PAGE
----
Peart CR, Tusso S, Pophaly SD, Botero-Castro F, Wu CC, Aurioles-Gamboa D, Baird AB, Bickham JW, Forcada J, Galimberti F, Gemmell NJ, Hoffman JI, Kovacs KM, Kunnasranta M, Lydersen C, Nyman T, de Oliveira LR, Orr AJ, Sanvito S, Valtonen M, Shafer ABA, Wolf JBW
Nat Ecol Evol 4 (8) 1095-1104 [2020-08-00; online 2020-06-08]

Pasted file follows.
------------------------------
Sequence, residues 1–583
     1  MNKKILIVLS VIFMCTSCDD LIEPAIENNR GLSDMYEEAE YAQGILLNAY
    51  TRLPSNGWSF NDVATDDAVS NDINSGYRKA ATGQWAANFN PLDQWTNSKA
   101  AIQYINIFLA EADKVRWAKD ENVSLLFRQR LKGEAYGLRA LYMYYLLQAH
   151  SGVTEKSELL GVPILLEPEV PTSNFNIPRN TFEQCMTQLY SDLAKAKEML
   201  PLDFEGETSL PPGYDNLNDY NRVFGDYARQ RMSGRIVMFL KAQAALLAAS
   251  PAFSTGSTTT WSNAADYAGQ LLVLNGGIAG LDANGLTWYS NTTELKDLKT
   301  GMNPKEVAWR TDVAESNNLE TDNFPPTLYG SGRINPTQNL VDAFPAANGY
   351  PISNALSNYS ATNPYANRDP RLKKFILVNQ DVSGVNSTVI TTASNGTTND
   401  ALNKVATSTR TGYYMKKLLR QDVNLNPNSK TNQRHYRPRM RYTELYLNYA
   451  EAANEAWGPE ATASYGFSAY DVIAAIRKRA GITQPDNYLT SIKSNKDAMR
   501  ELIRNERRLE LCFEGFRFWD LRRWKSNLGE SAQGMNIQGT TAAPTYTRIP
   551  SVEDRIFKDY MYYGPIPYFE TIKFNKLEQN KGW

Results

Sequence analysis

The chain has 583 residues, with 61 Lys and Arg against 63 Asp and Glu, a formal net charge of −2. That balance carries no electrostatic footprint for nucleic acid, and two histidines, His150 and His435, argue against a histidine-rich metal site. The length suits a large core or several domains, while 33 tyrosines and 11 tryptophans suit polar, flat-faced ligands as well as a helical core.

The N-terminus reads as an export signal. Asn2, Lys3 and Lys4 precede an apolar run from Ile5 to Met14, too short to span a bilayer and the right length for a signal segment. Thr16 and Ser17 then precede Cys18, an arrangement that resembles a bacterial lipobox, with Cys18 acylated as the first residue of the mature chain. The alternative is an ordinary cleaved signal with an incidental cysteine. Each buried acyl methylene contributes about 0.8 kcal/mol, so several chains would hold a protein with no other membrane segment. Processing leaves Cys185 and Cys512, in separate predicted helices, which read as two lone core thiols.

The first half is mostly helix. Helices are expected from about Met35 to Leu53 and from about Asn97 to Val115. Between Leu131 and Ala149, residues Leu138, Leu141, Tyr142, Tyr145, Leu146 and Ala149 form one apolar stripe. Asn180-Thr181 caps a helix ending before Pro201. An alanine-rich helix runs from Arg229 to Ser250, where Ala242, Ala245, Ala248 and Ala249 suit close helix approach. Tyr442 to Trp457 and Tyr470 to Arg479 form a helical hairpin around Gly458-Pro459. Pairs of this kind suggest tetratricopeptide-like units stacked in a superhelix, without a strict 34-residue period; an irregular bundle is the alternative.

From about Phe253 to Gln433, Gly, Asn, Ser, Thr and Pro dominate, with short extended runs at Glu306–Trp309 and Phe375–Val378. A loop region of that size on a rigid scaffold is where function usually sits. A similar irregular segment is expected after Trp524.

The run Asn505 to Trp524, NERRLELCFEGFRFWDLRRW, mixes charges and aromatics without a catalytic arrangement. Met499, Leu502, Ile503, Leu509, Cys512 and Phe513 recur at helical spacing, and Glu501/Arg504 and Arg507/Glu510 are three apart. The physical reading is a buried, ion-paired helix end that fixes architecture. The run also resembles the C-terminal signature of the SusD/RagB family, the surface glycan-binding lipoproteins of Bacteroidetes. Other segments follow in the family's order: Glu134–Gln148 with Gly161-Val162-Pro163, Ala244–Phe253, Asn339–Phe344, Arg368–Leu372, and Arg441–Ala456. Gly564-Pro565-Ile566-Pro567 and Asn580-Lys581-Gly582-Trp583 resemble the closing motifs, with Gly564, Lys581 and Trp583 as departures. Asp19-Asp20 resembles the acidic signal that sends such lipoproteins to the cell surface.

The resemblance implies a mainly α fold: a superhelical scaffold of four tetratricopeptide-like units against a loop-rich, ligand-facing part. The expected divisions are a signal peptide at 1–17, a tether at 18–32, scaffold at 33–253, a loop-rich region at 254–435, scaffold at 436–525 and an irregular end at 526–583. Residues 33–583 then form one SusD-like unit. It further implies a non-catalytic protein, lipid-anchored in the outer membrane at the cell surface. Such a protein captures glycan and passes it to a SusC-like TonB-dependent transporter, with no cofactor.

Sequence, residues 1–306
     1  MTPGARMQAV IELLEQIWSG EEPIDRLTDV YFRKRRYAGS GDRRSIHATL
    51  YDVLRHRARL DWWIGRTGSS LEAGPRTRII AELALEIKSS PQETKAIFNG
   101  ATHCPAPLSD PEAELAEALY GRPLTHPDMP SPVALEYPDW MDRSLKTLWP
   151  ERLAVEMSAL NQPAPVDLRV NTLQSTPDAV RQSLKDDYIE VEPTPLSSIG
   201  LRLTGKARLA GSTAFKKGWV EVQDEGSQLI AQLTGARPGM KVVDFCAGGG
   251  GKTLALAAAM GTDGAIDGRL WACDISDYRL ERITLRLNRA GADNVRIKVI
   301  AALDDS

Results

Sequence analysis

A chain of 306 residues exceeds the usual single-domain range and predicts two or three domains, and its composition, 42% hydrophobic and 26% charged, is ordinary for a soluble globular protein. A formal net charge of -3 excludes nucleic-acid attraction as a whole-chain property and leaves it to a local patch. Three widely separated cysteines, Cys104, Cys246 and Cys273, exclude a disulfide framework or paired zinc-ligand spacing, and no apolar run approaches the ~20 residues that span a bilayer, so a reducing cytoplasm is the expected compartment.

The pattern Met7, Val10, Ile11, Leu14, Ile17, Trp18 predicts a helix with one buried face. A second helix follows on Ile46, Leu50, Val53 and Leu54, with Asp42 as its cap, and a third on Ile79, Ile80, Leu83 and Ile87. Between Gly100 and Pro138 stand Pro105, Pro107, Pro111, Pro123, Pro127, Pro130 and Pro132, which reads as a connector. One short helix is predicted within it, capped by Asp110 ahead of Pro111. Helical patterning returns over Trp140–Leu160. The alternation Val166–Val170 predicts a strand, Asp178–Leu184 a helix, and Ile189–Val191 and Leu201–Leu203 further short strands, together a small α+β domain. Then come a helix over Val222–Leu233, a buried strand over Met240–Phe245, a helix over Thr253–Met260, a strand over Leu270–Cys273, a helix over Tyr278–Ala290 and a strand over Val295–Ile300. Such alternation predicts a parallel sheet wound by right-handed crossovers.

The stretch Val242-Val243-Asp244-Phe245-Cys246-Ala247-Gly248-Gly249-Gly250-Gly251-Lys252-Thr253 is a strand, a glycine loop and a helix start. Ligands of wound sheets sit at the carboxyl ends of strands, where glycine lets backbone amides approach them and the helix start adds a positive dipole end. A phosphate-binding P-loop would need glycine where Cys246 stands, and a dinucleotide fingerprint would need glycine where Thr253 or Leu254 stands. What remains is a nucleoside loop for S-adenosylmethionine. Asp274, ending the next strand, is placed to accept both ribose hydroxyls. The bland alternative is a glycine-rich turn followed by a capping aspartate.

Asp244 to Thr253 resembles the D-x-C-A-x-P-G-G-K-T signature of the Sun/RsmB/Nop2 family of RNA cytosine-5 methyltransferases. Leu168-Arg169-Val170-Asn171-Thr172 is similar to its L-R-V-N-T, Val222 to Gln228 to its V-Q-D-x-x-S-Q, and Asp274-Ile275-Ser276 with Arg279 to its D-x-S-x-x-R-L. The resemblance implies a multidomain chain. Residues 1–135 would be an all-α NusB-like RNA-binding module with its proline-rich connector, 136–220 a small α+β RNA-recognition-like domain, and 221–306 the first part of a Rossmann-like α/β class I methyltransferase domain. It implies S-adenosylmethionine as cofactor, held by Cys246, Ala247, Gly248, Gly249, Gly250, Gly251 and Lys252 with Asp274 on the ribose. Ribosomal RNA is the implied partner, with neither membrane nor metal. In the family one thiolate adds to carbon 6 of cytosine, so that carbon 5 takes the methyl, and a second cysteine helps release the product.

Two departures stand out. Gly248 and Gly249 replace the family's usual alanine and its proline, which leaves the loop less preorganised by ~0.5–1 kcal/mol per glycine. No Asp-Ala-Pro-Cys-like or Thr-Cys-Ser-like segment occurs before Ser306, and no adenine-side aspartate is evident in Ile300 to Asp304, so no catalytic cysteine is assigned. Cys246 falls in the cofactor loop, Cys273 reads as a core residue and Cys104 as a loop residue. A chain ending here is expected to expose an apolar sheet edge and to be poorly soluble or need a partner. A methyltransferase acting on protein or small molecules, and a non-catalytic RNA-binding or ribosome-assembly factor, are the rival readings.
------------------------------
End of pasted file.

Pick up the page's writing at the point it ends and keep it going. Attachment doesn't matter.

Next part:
The effective size of a population (Ne), which determines its level of neutral variability, is a key evolutionary parameter. Ne can substantially depart from census sizes of present-day breeding populations (NC) as a result of past demographic changes, variation in life-history traits and selection at linked sites. Using genome-wide data we estimated the long-term coalescent Ne for 17 pinniped species represented by 36 population samples (total n = 458 individuals). Ne estimates ranged from 8,936 to 91,178, were highly consistent within (sub)species and showed a strong positive correlation with NC ([Formula: see text] = 0.59; P = 0.0002). Ne/NC ratios were low (mean, 0.31; median, 0.13) and co-varied strongly with demographic history and, to a lesser degree, with species' ecological and life-history variables such as breeding habitat. Residual variation in Ne/NC, after controlling for past demographic fluctuations, contained information about recent population size changes during the Anthropocene. Specifically, species of conservation concern typically had positive residuals indicative of a smaller contemporary NC than would be expected from their long-term Ne. This study highlights the value of comparative population genomic analyses for gauging the evolutionary processes governing genetic variation in natural populations, and provides a framework for identifying populations deserving closer conservation attention.